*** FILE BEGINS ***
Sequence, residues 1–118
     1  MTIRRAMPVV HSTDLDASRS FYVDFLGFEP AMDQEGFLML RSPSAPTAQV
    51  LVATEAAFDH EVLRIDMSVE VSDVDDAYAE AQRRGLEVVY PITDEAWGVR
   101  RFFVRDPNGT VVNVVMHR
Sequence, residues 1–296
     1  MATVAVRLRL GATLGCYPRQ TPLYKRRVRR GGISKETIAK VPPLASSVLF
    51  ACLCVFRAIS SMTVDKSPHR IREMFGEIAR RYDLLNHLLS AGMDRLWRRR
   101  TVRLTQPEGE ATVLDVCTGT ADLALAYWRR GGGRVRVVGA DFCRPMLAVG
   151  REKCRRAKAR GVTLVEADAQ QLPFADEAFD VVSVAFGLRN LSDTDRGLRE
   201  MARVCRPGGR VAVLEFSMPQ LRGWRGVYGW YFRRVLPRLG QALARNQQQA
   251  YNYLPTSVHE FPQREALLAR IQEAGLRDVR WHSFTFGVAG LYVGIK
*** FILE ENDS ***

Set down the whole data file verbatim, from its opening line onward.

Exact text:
Sequence, residues 1–118
     1  MTIRRAMPVV HSTDLDASRS FYVDFLGFEP AMDQEGFLML RSPSAPTAQV
    51  LVATEAAFDH EVLRIDMSVE VSDVDDAYAE AQRRGLEVVY PITDEAWGVR
   101  RFFVRDPNGT VVNVVMHR
Sequence, residues 1–296
     1  MATVAVRLRL GATLGCYPRQ TPLYKRRVRR GGISKETIAK VPPLASSVLF
    51  ACLCVFRAIS SMTVDKSPHR IREMFGEIAR RYDLLNHLLS AGMDRLWRRR
   101  TVRLTQPEGE ATVLDVCTGT ADLALAYWRR GGGRVRVVGA DFCRPMLAVG
   151  REKCRRAKAR GVTLVEADAQ QLPFADEAFD VVSVAFGLRN LSDTDRGLRE
   201  MARVCRPGGR VAVLEFSMPQ LRGWRGVYGW YFRRVLPRLG QALARNQQQA
   251  YNYLPTSVHE FPQREALLAR IQEAGLRDVR WHSFTFGVAG LYVGIK